Almost all new engines are designed to run on synthetic oil. To find out if your vehicle actually requires it, just check your owner's manual. If the manufacturer specifies a synthetic blend for your engine, you must use it, or upgrade to a full synthetic for even more benefits. Don't make the mistake of downgrading to a conventional oil to save money. You risk voiding your warranty and causing premature engine wear.

Conventional vs. synthetic oil
If your vehicle manufacturer specifies synthetic oil, never downgrade to conventional.

 

But what if you're driving an older vehicle that was designed for conventional oil? Will synthetic oil help your engine? And, is it worth the extra price? I'll walk you through the service benefits of synthetic oil to help you determine whether it's worth the extra cost.

 

There's simply no disagreement among professionals whether synthetic oil is a better lubricant than conventional motor oil. It is—period. It flows faster on cold engine start-up, getting lube to rotating parts and building oil pressure faster than conventional oil. But you don't have to live in the Arctic to enjoy the "cold flow" benefits of synthetic because an engine is considered "cold" when it's less than 195 degrees F. So it helps even if you live in Key West. On the flip side, synthetic oils are far more resistant to "thermal breakdown" than conventional oil. That means it performs better under high heat conditions and is less likely to produce engine-killing sludge.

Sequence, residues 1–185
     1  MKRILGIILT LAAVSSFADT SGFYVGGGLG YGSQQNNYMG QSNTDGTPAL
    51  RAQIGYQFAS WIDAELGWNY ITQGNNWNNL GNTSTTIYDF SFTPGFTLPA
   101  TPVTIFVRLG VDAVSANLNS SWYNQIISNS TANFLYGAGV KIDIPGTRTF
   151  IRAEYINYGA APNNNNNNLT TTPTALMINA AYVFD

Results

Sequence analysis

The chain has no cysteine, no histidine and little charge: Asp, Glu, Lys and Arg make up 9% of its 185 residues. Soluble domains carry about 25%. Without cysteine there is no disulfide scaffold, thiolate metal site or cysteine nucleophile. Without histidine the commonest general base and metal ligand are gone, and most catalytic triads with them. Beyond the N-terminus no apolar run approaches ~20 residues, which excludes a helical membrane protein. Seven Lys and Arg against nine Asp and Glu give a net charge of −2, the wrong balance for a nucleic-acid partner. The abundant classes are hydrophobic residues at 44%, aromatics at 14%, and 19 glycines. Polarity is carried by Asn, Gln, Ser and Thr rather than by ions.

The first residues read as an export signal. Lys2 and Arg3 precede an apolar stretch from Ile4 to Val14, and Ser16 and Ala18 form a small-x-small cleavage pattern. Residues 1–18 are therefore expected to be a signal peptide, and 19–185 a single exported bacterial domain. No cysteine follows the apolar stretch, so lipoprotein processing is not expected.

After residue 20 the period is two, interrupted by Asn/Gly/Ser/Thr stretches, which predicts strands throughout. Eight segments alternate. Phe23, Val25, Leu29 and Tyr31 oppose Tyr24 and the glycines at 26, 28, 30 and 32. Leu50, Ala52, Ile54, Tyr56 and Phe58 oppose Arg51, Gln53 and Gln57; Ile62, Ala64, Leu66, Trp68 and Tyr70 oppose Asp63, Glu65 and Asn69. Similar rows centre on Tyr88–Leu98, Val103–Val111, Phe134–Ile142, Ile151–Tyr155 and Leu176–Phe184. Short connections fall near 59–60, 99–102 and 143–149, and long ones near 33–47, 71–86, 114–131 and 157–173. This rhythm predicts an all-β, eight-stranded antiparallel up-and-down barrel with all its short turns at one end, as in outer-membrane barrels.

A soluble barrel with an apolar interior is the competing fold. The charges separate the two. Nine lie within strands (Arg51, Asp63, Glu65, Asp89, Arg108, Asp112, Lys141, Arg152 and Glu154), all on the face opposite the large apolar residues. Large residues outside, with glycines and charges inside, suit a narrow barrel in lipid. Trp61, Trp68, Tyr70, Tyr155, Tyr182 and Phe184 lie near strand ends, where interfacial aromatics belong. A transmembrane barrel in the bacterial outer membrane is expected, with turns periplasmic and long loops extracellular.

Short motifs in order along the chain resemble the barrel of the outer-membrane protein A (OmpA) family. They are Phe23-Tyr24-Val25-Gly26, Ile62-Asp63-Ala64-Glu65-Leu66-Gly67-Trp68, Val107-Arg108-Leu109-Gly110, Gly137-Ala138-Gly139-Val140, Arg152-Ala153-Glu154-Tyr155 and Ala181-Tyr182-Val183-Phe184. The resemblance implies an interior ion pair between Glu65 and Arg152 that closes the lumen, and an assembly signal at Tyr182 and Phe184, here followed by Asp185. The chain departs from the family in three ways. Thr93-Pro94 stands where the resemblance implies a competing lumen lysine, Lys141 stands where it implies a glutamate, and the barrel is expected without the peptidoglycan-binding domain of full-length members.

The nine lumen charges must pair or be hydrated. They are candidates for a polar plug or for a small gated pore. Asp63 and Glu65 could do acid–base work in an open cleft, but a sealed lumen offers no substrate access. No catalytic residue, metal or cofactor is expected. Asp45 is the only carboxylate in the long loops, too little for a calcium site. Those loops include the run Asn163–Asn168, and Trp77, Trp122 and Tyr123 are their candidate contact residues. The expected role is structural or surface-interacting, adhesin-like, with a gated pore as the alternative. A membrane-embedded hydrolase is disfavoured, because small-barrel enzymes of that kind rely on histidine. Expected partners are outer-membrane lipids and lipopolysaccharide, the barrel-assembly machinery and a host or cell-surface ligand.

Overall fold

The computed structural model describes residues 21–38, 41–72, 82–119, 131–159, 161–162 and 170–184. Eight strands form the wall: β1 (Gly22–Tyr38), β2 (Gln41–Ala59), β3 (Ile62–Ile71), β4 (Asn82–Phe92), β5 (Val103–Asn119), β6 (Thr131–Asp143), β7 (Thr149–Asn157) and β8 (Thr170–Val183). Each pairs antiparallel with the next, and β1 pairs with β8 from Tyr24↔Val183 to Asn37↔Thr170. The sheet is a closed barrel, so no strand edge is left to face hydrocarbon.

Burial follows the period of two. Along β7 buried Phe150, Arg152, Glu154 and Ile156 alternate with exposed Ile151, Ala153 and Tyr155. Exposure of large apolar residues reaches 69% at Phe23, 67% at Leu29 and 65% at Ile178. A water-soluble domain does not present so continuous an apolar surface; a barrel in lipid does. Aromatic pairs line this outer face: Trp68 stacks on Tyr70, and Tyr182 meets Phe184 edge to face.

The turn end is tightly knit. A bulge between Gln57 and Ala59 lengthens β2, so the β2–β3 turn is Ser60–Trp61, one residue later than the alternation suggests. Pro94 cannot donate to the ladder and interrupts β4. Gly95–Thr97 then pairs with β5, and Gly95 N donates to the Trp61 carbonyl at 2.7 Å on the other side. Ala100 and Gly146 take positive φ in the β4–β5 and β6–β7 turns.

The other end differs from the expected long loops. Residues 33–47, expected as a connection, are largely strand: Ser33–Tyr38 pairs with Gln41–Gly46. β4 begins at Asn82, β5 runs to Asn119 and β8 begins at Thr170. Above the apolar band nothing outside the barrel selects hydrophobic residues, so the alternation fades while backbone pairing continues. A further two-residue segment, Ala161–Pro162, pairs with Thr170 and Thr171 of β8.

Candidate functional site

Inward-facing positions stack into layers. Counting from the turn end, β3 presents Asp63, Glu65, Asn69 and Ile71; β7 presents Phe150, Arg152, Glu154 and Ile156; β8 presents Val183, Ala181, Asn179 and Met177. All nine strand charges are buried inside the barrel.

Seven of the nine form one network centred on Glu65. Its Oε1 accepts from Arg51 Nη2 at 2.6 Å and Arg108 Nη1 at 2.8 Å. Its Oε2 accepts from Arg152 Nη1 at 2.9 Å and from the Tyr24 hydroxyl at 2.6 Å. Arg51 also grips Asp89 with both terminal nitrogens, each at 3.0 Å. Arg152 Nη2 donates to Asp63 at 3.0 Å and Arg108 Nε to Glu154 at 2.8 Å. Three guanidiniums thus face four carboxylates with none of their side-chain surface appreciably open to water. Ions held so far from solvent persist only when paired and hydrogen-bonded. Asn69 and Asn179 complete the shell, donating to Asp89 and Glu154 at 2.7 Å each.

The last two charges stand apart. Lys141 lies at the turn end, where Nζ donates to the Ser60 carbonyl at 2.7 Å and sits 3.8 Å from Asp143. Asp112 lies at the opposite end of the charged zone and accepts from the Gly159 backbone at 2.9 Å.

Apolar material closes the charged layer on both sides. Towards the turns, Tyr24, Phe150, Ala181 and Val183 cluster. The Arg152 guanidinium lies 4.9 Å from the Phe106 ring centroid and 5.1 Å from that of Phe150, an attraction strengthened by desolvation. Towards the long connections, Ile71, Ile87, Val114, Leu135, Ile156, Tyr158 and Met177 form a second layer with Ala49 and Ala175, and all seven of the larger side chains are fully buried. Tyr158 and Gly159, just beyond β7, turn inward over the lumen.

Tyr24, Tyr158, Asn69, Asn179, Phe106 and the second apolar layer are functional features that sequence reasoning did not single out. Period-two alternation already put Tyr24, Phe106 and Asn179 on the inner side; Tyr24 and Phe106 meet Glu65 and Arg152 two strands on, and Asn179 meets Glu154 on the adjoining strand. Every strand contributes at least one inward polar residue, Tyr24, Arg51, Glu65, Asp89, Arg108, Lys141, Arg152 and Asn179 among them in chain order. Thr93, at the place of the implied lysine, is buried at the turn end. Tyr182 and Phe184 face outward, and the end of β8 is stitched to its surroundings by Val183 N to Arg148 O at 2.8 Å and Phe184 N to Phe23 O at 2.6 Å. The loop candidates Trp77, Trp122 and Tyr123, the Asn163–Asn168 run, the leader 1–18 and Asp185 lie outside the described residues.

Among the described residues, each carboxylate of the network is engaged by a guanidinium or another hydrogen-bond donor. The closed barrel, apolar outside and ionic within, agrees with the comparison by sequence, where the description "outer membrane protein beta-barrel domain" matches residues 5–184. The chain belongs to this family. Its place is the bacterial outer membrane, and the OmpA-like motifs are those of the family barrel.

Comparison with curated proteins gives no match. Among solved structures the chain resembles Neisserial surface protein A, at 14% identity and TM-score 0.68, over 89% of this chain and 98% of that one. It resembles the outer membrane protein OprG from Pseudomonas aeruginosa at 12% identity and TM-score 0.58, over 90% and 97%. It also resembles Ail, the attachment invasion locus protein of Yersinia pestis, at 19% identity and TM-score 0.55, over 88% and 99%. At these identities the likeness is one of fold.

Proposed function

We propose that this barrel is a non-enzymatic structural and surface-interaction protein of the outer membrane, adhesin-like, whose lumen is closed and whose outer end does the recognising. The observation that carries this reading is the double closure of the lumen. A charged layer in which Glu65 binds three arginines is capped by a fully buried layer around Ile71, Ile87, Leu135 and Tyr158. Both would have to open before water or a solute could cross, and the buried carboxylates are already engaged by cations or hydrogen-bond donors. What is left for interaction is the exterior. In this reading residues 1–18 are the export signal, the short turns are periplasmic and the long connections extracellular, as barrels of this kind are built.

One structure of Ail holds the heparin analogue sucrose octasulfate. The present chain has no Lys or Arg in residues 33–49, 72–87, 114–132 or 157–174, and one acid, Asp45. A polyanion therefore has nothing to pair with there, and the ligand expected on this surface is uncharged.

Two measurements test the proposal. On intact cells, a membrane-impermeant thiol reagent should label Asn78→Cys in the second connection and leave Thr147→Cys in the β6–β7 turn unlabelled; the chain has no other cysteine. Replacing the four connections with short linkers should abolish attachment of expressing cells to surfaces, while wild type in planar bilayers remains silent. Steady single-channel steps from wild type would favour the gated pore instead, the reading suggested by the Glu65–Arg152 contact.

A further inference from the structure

But is it worth the extra cost for an older engine? If you're the type of driver who changes your oil according to the manufacturer's recommendations, it's hard to justify the added cost of synthetic oil. Conventional oil works just fine in those applications. However, if you often exceed the recommended oil change intervals, then synthetic oil is worth the price. It'll provide a "buffer zone of protection" until you can get around to changing it. And that can mean the difference between an engine that lasts 200,000 miles and one that dies at 120,000.

 

To summarize: If your vehicle manufacturer specifies synthetic oil, never downgrade to conventional. If you own an older vehicle that doesn't require synthetic and you religiously follow the manufacturer's recommended oil change intervals, you won't get enough benefit from synthetic oil to justify the added cost. Or, if you're nursing along an old car that burns (or leaks) lots of oil, don't bother. However, if you're lax about oil changes, or you want to squeeze all the life out of your engine and are willing to spend the extra money, fill it with synthetic.

 

— Rick Muscoplat, Automotive Editor